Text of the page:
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Publication Detail
Mechanical anisotropy in compressed collagen produced by localised photodynamic cross-linking.
  • Publication Type:
    Journal article
  • Publication Sub Type:
    Journal Article
  • Authors:
    Wong JPF, MacRobert AJ, Cheema U, Brown RA
  • Publication date:
  • Pagination:
    132, 139
  • Journal:
    J Mech Behav Biomed Mater
  • Volume:
  • Status:
  • Country:
  • PII:
  • Language:
  • Keywords:
    Animals, Anisotropy, Cell Survival, Collagen, Compressive Strength, Diffusion, Feasibility Studies, Fibroblasts, Light, Mechanical Phenomena, Rats, Riboflavin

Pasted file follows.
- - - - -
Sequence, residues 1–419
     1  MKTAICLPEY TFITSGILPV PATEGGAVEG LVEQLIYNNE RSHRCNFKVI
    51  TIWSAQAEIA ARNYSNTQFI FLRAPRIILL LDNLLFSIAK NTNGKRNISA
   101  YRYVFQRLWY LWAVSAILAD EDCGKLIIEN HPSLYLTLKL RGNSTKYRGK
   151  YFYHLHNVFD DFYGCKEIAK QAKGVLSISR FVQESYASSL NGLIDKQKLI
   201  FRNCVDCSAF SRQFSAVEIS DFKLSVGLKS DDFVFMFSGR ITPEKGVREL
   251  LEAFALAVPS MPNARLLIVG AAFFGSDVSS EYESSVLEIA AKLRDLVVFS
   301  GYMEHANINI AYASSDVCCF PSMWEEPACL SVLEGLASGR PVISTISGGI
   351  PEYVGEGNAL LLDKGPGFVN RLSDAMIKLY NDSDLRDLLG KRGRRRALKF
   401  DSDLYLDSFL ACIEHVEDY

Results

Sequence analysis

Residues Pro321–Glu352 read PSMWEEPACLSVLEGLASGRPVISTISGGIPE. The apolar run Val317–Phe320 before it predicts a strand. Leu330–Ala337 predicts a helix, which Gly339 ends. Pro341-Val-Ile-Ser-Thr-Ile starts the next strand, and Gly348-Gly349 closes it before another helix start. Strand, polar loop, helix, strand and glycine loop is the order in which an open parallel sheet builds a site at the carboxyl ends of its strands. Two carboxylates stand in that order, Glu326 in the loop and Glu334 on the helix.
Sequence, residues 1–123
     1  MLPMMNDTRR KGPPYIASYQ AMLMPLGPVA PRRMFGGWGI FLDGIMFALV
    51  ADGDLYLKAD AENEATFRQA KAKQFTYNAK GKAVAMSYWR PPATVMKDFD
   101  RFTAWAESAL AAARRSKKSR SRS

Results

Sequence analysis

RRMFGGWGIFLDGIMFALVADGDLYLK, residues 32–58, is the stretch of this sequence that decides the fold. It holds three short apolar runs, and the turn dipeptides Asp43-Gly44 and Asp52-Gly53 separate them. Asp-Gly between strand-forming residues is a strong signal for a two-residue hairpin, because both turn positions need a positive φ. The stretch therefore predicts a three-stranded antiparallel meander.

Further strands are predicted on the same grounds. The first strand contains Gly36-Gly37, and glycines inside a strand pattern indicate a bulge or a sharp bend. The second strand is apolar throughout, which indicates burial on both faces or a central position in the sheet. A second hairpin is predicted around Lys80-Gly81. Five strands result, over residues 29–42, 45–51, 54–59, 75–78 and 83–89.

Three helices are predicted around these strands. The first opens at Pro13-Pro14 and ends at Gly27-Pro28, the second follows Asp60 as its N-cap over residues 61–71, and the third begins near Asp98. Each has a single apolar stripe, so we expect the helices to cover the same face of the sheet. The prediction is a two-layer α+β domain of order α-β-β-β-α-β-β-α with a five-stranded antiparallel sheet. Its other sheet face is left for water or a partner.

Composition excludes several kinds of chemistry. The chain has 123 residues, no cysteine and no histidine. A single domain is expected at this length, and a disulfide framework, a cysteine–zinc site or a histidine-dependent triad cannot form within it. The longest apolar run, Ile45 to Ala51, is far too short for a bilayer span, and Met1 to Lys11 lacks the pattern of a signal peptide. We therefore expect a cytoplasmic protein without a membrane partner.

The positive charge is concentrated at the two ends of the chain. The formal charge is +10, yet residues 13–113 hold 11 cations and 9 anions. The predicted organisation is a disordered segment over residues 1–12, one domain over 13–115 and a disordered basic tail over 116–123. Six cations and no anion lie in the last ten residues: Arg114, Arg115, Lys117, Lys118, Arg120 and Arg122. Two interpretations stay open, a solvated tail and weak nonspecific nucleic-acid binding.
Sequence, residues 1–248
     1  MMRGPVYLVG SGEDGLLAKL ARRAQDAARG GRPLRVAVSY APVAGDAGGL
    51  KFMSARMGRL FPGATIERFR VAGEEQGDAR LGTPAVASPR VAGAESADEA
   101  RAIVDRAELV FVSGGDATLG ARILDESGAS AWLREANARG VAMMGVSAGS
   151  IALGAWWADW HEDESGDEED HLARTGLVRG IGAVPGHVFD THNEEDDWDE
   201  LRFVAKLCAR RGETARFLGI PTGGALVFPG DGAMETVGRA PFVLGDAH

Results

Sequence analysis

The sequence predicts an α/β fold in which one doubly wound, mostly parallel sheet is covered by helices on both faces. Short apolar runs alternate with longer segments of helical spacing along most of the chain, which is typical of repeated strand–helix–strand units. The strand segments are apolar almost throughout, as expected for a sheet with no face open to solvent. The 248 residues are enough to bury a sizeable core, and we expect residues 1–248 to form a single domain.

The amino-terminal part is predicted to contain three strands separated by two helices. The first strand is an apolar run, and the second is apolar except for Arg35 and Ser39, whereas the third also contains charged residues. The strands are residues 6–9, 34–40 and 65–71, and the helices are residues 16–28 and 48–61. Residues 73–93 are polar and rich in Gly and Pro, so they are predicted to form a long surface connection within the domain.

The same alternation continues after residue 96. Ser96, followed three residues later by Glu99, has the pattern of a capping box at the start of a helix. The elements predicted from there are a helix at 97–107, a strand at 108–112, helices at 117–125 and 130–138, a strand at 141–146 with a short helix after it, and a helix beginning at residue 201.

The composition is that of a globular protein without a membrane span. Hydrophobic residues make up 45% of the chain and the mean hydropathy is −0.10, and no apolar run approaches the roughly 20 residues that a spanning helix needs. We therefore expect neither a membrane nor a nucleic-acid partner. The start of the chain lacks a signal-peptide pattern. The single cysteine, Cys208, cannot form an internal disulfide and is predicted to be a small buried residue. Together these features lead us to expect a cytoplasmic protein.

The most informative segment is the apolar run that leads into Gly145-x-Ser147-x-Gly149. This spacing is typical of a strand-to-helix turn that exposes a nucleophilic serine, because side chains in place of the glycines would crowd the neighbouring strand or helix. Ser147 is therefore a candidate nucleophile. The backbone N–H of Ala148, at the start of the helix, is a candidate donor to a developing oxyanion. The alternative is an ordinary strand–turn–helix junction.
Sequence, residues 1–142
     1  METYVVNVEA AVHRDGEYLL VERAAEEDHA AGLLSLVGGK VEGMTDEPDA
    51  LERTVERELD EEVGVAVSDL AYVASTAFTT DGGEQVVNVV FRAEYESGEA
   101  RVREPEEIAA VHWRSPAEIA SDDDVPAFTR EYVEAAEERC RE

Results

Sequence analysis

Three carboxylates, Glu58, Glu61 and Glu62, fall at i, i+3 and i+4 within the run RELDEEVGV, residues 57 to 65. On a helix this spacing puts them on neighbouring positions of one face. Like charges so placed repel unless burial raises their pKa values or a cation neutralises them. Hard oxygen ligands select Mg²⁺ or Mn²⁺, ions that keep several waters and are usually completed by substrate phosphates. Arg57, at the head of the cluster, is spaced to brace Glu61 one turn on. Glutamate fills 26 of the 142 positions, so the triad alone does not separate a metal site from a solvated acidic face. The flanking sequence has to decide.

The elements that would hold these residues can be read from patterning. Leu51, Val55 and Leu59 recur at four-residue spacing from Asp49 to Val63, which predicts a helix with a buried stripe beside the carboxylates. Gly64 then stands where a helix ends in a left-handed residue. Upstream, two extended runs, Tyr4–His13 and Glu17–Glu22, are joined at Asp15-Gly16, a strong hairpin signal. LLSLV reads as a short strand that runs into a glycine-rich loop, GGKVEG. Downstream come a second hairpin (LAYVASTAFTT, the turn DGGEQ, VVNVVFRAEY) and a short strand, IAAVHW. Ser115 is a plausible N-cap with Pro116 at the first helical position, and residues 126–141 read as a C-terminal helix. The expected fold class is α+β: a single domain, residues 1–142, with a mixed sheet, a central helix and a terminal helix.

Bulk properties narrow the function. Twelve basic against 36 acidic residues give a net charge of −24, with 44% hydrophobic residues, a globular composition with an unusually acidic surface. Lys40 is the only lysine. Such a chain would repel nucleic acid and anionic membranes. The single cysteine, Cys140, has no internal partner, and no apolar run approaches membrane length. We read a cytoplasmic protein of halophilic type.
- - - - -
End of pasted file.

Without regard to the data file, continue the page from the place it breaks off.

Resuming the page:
Orientated focal cross-linking can be used to generate surface anisotropy, improve material stiffness and layer integration for the production of a stable 3D construct. Riboflavin (0.25 mM) diffusion into plastically compressed (PC) collagen gel was assessed by measuring the diffusion depth of riboflavin with time. The dynamic force analyser was used for peel force testing for interlayer cross-linking and material stiffness in perpendicular axis after orientated/topical cross-linking. One minute riboflavin diffusion time on either surface will saturate >12% of the collagen gel. Bonding strength doubled between PC collagen gel layers with a 5 min increase in cross-linking time (between 4 and 9 min) and break stress was increased significantly after cross-linking. Importantly, mechanical anisotropy was introduced in the break stress using orientated stripes of riboflavin in cross-linking, almost doubling the break stress parallel to the stripes. Limited riboflavin penetration in 1 min means that surface photo-dynamic cross-linking will enhance deep cell survival within the gel. Riboflavin mediated focal/orientated cross-linking generated new predictable anisotropy at the construct. The increase in bonding strength between layers after cross-linking enhances layer integration and graded surface stiffness will impact on cellular/mechanical properties of compressed gels.
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